Conviction of Holocaust-denying Catholic bishop upheld by German appeals court

A court in the German city of Regensburg has upheld a lower court’s conviction of Richard Williamson, 71, one of four bishops of the ultra-conservative Catholic breakaway group Society of St. Pius X (SSPX), for denying the Holocaust in a 2008 TV interview. The appeals court on Monday confirmed the 2010 conviction of Williamson for incitement to hatred, though it lowered the fine imposed against him to € 6,500 ($9,100) from the original €10,000. Both Williamson and the prosecution had appealed the original verdict.

While the prosecutor wanted a higher fine, Williamson's attorney called for the first instance verdict to be quashed. He argued that although the interview with Swedish television had taken place on German soil, where the denial of the mass murder of Jews by the Nazis during World War II is a crime, the interview was not supposed to be aired in Germany, but only in Sweden.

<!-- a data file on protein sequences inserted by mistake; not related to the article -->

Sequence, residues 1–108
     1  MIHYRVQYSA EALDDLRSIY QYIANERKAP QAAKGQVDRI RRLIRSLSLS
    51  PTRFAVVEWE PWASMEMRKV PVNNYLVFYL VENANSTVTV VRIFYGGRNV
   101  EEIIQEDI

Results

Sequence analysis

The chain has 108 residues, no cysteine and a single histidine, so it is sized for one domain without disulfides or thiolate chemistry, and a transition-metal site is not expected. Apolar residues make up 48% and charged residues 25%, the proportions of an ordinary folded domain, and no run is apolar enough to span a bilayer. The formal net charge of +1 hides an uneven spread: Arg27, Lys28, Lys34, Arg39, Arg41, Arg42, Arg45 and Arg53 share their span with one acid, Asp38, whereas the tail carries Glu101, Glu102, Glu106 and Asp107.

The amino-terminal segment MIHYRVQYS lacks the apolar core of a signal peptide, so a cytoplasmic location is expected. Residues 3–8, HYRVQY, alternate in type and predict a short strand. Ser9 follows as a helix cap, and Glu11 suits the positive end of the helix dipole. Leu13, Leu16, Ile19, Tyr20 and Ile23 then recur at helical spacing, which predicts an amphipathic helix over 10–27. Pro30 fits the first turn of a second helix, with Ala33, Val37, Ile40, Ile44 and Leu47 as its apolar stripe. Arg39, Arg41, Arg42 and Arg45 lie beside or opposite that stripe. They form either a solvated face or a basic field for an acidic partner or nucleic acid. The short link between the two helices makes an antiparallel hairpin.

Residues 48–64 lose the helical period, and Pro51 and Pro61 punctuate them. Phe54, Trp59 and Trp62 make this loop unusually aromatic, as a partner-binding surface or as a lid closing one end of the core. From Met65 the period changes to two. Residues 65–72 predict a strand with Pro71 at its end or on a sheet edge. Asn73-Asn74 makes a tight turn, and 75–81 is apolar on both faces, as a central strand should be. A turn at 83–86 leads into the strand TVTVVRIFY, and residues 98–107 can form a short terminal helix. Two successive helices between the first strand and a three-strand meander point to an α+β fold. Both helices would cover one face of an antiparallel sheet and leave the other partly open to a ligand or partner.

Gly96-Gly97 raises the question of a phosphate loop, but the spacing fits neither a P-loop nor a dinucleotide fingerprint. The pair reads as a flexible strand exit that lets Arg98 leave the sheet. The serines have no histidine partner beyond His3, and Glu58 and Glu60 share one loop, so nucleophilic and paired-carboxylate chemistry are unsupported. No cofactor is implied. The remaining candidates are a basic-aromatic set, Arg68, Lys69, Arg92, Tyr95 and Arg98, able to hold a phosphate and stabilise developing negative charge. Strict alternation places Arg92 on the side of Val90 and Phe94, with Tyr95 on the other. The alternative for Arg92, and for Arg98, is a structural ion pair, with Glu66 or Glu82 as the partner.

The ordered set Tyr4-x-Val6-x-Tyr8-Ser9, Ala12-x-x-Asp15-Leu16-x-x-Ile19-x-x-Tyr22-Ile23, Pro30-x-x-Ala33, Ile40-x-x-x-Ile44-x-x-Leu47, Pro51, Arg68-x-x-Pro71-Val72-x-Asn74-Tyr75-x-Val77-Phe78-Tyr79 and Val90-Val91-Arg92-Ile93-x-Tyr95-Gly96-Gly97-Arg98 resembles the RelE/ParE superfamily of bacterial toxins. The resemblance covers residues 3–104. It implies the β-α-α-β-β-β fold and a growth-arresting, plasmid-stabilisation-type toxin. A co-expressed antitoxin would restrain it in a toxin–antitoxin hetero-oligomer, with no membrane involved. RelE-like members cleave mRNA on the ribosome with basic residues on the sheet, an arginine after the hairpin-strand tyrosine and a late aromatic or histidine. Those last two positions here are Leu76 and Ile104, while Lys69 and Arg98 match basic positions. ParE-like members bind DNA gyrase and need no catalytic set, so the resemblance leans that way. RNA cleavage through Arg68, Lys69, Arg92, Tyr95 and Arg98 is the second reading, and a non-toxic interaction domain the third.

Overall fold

The 71-year-old said in the 2008 interview that he didn't believe any Jews died in gas chambers during World War II, and that the Nazis killed no more than 300,000 Jews in concentration camps.

Williamson and three other bishops of the SSPX were excommunicated in 1988 for challenging the new church doctrine established by the Second Vatican Council, but were readmitted by Pope Benedict XVI in 2009. A few days later, the Williamson interview was aired, putting the Catholic Church in crisis.

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